That was the humorous, not to mention kind, reaction of Leinster tight-head Mike Ross after a bout of hand-to-hand combat against former Leinster second row Nathan Hines at Stade Marcel Michelin on Sunday.
It has taken its toll: "We've been in a better place. But, we have a bit of time for recovery between now and then. Hopefully, things will start to feel normal by the time the game comes around."
Perhaps, it should have come as no surprise that Leinster looked to their scrum to compensate for the loss of British & Irish Lions quality backs in Brian O'Driscoll, Rob Kearney and Luke Fitzgerald.
Once referee Nigel Owens stopped dwelling on the debatable technicalities, Cian Healy, Sean Cronin and Ross demolished a Clermont-Auvergne front row without the significance of Thomas Domingo.
"We've worked hard on the scrum. But, we're not going to start thinking we've made it. I know from experience that every match is different."
What a turnaround in the space of eight months. The Clermont front row was made to look a pale shadow of the scrimmaging unit that posed problems for Leinster in last season's Heineken Cup semi-final.
"They gave us the 'hurry-up' a couple of times down in Bordeaux last year. We managed to turn that around a bit last weekend. But, I am sure they will work hard on it."
Vincent Debaty was exposed as a converted tight-head employed to shore up an area usually reserved for the specialist skills of Thomas Domingo. He was not the answer.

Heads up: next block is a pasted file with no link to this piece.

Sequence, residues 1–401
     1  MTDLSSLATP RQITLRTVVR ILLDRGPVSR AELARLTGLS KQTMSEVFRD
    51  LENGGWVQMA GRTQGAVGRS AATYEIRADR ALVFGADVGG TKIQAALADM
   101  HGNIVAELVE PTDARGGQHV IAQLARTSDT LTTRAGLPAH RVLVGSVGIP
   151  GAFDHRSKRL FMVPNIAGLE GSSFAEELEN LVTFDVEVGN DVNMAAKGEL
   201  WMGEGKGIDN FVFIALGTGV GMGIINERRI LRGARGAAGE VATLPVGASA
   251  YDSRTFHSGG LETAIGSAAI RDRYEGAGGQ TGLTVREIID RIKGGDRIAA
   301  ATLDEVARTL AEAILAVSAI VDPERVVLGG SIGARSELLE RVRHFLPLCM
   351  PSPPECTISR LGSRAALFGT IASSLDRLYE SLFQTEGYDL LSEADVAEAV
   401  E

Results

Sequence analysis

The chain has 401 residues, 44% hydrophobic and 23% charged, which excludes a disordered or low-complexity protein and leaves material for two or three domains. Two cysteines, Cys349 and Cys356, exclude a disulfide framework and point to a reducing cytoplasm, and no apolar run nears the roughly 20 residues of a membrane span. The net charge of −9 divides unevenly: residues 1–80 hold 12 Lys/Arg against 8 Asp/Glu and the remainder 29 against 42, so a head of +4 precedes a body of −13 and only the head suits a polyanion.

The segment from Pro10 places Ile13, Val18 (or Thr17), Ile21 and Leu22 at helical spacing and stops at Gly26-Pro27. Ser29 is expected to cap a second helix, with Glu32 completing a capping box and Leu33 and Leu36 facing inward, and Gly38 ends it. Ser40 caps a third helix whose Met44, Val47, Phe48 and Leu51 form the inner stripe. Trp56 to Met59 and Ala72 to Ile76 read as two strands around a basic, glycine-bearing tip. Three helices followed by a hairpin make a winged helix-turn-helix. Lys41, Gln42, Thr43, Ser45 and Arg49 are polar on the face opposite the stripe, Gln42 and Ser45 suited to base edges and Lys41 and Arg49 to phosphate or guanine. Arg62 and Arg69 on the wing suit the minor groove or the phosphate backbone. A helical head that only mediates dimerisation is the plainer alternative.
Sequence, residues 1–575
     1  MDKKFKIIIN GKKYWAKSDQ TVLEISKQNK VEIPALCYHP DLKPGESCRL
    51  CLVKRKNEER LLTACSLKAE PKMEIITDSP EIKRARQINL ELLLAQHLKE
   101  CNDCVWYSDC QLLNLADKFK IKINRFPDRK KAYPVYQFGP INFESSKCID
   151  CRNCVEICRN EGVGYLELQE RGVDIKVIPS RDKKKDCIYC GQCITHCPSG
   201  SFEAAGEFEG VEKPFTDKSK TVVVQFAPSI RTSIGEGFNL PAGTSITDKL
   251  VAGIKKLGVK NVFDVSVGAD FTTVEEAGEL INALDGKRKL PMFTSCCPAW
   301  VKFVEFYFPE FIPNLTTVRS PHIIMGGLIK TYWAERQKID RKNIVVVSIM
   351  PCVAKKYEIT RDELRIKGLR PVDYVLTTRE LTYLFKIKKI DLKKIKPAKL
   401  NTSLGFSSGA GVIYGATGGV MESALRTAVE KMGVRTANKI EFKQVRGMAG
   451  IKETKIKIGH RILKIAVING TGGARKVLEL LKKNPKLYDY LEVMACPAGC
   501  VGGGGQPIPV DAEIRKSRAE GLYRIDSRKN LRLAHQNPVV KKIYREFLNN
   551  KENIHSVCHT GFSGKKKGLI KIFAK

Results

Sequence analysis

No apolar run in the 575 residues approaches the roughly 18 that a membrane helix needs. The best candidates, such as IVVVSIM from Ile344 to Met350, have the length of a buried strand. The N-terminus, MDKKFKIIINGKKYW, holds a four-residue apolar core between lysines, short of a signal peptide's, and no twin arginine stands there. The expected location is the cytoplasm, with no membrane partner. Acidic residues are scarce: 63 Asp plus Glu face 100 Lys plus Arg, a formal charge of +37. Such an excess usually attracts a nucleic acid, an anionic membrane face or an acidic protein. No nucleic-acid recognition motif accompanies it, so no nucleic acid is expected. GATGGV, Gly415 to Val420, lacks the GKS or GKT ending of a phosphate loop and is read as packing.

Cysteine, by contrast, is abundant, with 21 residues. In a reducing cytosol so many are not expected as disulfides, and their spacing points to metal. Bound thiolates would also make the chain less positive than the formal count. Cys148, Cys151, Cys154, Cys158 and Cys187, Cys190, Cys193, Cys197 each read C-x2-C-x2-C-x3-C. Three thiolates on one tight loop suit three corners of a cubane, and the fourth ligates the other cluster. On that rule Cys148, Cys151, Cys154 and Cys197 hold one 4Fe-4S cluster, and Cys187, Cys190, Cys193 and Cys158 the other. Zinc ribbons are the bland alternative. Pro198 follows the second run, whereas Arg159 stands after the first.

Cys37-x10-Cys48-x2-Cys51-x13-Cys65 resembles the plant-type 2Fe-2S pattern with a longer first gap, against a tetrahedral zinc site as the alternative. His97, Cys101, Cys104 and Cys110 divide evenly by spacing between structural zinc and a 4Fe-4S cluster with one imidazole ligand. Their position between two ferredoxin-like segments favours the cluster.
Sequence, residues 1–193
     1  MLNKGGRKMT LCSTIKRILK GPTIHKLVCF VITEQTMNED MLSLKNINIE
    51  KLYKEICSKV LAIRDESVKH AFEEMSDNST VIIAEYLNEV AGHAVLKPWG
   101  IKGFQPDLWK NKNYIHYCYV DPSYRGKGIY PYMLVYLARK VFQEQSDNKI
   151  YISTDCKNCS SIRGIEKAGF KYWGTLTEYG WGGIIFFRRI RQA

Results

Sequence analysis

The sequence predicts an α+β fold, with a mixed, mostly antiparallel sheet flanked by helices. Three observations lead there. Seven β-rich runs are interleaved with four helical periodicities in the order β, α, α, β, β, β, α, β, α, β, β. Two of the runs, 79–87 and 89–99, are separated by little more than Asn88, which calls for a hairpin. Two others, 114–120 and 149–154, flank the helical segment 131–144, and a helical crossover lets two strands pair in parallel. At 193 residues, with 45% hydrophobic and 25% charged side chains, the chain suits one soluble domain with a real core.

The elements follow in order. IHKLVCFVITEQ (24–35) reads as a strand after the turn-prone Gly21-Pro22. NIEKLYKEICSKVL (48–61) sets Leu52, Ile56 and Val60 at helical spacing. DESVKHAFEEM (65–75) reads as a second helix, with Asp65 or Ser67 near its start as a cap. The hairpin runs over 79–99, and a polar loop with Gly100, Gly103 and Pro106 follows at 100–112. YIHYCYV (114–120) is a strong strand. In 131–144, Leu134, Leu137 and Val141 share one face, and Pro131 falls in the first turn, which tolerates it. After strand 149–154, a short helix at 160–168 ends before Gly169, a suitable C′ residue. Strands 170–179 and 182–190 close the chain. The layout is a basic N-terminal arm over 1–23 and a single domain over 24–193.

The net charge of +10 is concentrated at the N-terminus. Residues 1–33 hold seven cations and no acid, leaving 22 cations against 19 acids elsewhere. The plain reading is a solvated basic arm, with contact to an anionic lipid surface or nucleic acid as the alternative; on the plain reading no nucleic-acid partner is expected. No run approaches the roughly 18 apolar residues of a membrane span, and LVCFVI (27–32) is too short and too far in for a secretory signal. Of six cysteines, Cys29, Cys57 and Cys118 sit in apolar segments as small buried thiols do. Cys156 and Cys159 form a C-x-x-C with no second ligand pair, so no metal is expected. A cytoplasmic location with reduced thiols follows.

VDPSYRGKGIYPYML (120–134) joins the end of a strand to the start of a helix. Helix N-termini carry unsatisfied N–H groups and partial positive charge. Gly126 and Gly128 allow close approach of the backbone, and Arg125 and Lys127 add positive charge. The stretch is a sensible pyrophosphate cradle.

Do Clermont have an answer? "Yeah, I was impressed enough with (Raphael) Chaume when he came on. He is a young loose-head. They've been playing him.
"He played well against Toulouse (two weeks ago), got stuck into Census Johnston a couple of times. He is an option.
"They've got (Daniel) Kotze, who came on at the weekend. He is a South African, a decent scrummager. They have two or three decent front rows there."
Despite all the mythology around the dark arts, Ross has never been one to overcomplicate the 'goings-on' at scrum time.
"I don't think we will do much differently. As long as we stay straight and keep our heads above our hips -- it is simple physics - it is going to go well for you."
While the scrum surged, the lineout dipped when the normally accurate Richardt Strauss failed to find his jumpers in the air.
"It is not just on the hooker. It is a timing issue with lifters and jumpers. It is very easy to point the finger at the hooker," said Ross, in defence of a fellow member of the front-row union.
"We just need to tidy up a few inaccuracies when we have scoring opportunities. If we get those right, we will be in a much better position to win the game on Saturday."
Ross also confirmed that things are progressing in terms of agreeing a new contract which will keep him at the province.
"I am happy where I am. It is not something I really like to talk about. I try to keep that stuff private.
"I am chatting with the union (IRFU) and I think we are going down the right track."